May Koreans live in peace

By Wang Sheng
0 CommentsPrint E-mail China Daily, December 21, 2010
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The UN Security Council failed to reach a consensus on the crisis of the Korean Peninsula on Sunday. A day later, the Republic of Korea (ROK) began a live-firing drill near the border of the Democratic People's Republic of Korea (DPRK), ignoring the latter's warning of counterattack.

Tension has been palpable on the Korean Peninsula since the DPRK and the ROK exchanged fire on Nov 23. The two sides have engaged in skirmishes before but none reached such a level and caused even half as much worry. So what is different this time?

Besides the differences in the domestic situations in the DPRK and the ROK, the greatest cause of concern is the shift in United States' strategy to Asia Pacific.

A series of large-scale US-ROK and US-Japan military exercises in the waters around the Korean Peninsula has strengthened US military presence and aggravated tensions in Northeast Asia.

The joint military drills have had the opposite effect on the DPRK. It has become more adamant because it sees the shows as threats to its survival and security. In a tit for tat, it has announced combat-readiness.

The ROK troops held naval drills in 29 places close to the disputed maritime border in the Yellow Sea on Dec 6. They held another round of maneuvers at 27 places in the Yellow Sea's eastern, western and southern waters from Dec 13 to 17. Before Monday's drills the ROK's military said it will "immediately and sternly" deal with any provocation.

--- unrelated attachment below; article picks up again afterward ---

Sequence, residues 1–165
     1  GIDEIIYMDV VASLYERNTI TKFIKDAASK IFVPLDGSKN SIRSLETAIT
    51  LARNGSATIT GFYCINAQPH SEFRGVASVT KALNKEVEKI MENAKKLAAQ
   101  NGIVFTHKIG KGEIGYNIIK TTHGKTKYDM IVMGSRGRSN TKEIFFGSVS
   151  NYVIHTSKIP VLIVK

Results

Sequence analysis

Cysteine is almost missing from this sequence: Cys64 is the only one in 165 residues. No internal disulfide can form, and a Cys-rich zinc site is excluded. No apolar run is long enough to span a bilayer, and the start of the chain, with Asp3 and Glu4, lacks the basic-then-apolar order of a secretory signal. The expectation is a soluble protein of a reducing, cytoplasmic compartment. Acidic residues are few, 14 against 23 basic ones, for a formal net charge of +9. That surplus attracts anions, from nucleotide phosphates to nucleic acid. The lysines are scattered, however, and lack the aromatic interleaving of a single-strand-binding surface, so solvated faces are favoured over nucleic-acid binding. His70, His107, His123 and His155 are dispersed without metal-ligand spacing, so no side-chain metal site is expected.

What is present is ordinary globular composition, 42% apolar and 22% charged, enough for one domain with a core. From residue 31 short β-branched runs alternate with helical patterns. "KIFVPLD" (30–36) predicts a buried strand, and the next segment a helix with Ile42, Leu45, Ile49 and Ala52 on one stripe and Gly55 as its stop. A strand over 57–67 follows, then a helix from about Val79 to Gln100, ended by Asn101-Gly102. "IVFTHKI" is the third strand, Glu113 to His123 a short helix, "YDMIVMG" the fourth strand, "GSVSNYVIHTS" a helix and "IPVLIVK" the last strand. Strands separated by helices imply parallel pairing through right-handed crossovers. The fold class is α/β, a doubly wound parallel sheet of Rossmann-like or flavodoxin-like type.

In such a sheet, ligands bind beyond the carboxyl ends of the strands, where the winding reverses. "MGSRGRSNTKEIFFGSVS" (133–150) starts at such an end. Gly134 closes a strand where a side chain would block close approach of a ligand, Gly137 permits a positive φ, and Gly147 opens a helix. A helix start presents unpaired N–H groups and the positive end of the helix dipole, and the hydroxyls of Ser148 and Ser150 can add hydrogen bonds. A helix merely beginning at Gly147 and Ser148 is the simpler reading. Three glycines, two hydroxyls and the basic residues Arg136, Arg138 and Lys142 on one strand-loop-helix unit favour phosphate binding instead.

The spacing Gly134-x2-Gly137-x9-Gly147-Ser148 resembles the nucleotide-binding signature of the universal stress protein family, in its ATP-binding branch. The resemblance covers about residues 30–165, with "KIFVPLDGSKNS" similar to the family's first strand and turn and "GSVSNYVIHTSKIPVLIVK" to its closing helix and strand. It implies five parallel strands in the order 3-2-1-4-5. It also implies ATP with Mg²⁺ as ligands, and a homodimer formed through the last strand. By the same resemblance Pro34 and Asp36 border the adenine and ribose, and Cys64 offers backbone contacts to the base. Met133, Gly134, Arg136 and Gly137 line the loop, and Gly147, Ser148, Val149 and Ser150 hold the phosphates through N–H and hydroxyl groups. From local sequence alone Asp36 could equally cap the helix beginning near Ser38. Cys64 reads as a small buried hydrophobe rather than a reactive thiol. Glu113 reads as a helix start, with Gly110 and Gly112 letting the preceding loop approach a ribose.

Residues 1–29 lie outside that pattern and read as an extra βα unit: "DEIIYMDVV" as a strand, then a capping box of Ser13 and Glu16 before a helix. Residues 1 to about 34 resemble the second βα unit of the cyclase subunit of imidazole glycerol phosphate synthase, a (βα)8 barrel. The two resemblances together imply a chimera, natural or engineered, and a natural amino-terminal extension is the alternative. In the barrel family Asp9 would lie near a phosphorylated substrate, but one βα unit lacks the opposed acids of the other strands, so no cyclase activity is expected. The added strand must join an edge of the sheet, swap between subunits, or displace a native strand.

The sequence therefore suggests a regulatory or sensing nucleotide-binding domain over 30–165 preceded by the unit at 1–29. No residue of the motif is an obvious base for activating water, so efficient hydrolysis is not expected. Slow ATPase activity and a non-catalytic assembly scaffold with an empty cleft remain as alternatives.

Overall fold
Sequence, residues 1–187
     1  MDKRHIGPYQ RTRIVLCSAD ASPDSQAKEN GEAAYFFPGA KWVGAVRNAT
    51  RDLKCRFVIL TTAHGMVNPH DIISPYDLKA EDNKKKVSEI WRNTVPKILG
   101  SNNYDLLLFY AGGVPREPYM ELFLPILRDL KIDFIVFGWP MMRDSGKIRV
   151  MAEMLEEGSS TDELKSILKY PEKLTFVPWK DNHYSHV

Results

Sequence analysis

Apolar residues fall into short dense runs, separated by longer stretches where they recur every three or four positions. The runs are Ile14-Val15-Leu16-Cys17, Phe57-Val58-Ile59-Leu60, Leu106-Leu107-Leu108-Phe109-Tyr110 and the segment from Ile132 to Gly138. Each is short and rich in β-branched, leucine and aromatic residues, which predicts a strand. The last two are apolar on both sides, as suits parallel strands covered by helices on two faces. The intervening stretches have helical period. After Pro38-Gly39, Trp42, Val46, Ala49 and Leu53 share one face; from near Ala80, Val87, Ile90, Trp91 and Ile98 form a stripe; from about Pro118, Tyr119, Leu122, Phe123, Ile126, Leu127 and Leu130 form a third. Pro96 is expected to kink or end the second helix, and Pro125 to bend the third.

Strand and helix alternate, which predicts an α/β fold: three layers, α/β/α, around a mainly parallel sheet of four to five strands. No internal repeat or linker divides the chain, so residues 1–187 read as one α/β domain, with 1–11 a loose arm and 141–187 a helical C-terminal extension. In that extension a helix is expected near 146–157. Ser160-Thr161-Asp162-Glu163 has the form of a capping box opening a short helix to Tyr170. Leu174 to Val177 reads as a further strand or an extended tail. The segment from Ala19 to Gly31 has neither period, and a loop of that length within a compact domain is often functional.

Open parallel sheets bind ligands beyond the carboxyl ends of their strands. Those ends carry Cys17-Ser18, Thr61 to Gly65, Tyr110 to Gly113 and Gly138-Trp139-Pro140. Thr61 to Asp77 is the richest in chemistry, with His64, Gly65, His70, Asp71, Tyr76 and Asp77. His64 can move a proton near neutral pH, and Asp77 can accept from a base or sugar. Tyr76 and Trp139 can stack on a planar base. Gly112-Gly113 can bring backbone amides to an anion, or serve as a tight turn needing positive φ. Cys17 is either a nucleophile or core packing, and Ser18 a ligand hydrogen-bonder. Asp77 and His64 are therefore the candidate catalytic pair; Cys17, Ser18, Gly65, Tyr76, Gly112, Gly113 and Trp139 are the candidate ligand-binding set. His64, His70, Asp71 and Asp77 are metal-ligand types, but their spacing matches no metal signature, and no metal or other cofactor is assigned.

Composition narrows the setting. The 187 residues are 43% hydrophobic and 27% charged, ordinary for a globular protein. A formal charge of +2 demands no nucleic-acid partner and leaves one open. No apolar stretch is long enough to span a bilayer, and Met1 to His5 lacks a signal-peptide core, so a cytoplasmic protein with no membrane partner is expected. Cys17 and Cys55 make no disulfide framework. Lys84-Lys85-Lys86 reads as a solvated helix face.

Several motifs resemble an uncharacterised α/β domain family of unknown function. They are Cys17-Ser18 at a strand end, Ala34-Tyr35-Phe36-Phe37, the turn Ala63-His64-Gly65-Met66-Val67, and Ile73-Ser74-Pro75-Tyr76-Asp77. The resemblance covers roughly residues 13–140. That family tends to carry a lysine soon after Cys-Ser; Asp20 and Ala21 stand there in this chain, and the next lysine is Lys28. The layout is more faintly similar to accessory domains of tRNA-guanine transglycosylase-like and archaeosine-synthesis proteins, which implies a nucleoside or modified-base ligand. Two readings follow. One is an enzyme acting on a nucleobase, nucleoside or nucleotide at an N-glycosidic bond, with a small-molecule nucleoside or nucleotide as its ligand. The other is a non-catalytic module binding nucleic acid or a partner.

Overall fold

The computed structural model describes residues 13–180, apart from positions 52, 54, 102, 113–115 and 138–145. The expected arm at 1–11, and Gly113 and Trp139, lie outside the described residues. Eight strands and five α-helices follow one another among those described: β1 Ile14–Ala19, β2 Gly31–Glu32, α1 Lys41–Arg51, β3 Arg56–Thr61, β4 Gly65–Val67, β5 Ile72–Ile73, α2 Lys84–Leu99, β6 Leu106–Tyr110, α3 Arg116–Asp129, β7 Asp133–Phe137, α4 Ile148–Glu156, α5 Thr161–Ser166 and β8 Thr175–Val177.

The US and the ROK are adjusting their joint military plans according to the developments on the Korean Peninsula, ignoring the DPRK's warning that the drills are heightening tensions on the peninsula.

The exchange of fire and rising tensions on the peninsula have increased the risk of a full-fledged war, which could break out if the situation is allowed to spiral out of control. In fact, a war could have broken out had China not launched an all-out campaign to defuse tensions on the peninsula.

Developments on the Korean Peninsula affect China in more ways than one. If a war breaks out on the peninsula, China's northeast region will come under direct threat, creating enormous pressure on the country, and damage its strategic environment. It will threaten China's peaceful development, especially the plan for the economic rejuvenation of its northeastern region. Mounting military pressure along the border will compel China to reinforce its strength in border areas to safeguard national security.

To ease tensions on the Korean Peninsula, in fact the whole of Northeast Asia, China views the overall developments from a strategic perspective and has made all-out efforts to restore peace and stability in the region. It urges relevant parties to exercise calm and refrain from taking actions that could worsen the situation and appeals to them to resolve the DPRK nuclear issue through peaceful talks.

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